New Year in France witnesses the tradition of "les étrennes" or gifts given at this time of year to postal workers, firefighters, rubbish collectors (think that is just about as non-sexist as you can get in describing the jobs) and (where they still exist) apartment block concierges or gardiens, perhaps most accurately translated as janitors or caretakers in English.
As far as concierges or caretakers are concerned, "To celebrate the New Year," writes Christine Henry, a reporter for the daily Aujourd'hui en France - Le Parisien, "It's customary to slip a small envelope (with cash) or offer a box of chocolates or a bottle of champagne to a concierge as thanks for services rendered throughout the year."
Those services include ones not necessarily stipulated in their employment contract such as watering plants, walking the dog or simply being (extra) friendly!
It's also, as Henry points out, a tradition as much in decline as the job itself as the French are counting the centimes and some at least are reluctant to dig very deep into their pockets.
A report on Sunday evening's edition of France 3 news suggested that the amount given, or the form the gift takes, is no longer to be taken for granted. And while most of those interviewed happily agreed that les étrennes were by and large deserved, they reserved the right to determine their exact level and nature.
So much for the concierges, What about the sapeur-pompiers, or firefighters who right now are busy knocking on doors offering their 2011 calendar?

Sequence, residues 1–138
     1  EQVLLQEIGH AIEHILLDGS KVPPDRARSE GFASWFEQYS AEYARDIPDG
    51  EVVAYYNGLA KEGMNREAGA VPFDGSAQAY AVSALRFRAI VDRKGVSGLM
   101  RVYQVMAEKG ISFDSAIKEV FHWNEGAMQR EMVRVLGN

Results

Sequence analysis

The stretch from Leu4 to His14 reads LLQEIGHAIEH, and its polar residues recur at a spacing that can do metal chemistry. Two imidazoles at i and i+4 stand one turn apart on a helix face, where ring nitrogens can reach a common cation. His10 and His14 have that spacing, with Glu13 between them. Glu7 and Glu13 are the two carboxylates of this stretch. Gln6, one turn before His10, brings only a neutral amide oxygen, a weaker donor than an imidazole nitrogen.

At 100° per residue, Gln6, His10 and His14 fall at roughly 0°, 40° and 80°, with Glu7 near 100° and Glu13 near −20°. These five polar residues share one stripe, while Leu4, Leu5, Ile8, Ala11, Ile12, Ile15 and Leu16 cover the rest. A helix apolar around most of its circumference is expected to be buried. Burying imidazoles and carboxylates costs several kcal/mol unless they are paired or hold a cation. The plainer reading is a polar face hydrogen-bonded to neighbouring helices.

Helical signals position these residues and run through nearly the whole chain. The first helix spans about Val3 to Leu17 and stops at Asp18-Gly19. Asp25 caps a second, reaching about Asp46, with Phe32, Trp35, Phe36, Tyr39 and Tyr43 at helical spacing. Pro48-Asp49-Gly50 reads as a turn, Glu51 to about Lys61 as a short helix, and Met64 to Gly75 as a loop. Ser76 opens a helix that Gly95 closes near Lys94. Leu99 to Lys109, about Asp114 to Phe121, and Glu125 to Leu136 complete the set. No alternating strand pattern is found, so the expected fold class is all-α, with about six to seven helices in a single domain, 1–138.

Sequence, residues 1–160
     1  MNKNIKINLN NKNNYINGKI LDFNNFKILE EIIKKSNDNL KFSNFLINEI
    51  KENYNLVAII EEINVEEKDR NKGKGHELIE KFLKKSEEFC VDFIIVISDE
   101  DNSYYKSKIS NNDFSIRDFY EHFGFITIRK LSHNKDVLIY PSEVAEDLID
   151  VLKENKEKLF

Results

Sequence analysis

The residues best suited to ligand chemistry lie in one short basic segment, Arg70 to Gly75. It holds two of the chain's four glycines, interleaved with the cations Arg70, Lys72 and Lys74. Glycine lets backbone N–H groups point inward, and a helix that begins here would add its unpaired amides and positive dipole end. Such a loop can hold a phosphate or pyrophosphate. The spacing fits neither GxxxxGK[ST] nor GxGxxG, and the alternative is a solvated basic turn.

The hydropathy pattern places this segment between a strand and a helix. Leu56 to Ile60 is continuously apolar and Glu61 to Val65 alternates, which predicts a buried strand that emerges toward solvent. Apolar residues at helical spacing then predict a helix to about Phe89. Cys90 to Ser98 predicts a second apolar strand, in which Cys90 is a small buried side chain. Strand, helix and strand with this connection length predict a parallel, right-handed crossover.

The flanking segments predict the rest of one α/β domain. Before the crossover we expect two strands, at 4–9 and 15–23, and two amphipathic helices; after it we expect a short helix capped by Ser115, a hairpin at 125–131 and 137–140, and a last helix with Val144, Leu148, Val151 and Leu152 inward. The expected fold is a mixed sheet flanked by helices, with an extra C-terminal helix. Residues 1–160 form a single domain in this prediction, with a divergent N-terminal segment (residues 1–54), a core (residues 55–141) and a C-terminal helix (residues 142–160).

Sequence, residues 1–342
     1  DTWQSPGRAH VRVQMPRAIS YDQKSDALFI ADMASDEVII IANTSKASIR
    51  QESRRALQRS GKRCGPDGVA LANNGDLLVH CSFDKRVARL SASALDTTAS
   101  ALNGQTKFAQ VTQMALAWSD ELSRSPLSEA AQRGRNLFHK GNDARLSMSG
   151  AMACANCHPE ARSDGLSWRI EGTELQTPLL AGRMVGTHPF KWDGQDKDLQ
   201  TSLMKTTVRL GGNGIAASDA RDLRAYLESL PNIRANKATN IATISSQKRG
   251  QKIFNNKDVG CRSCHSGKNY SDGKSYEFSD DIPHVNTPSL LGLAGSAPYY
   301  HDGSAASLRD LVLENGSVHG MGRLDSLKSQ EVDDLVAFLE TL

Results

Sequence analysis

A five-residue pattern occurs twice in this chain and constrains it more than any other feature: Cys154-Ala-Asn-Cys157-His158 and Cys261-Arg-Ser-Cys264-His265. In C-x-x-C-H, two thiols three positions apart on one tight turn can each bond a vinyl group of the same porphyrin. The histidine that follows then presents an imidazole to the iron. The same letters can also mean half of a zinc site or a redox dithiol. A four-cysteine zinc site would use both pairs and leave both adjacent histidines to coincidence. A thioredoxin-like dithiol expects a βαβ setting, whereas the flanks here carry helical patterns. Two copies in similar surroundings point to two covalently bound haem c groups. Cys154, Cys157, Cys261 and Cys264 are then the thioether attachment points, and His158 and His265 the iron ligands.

Well, the problem with the calendar they're "giving away" - apart perhaps from the fact that it has nothing remotely "Dieux du Stade" about it, which might come as a disappointment to those fantasising about men (and women) in uniform - is that there's nothing very voluntary about the contribution you're expected to make for a calendar you don't particularly want.
But you'll end up buying it, unless you're a complete misery, because of the 250,000 firefighters in France, almost 80 percent of them are volunteers and you could well owe your life to them at some point in the future.
And similarly you'll probably already have been offered - and made a contribution to - the Almanach du facteur or the Postman/woman's calendar.
What in the past might have featured pictures of historical figures and events is nowadays more than likely to contain photos of cute kittens, puppies and meaningless landscapes.
Once again even though it's free, a contribution - left to your discretion - is expected. And you can hardly refuse to "buy" one.
In all fairness, certainly in rural parts of France, those delivering the mail provide a service above and beyond the proverbial call of duty.
Posties have been a Godsend to many an elderly person stranded in their homes during the recent cold snap.
Finally there are the rubbish collectors. They too are traditionally entitled to "a little something" but more and more local authorities have clamped down on the practice in recent years because "fake dustmen" have been going from door-to-door pretending to be collecting on behalf of the real ones.
The main problem with all this less-than-warm-hearted virtually institutionalised giving is that nobody really seems to know how much to give or whether to give at all come to that.
And while for some concierges and gardiens the cash received, for what is after all a low-paid job, can constitute a welcome 13th month of salary, there is surely a limit as to what use they can make of so much chocolate or champagne.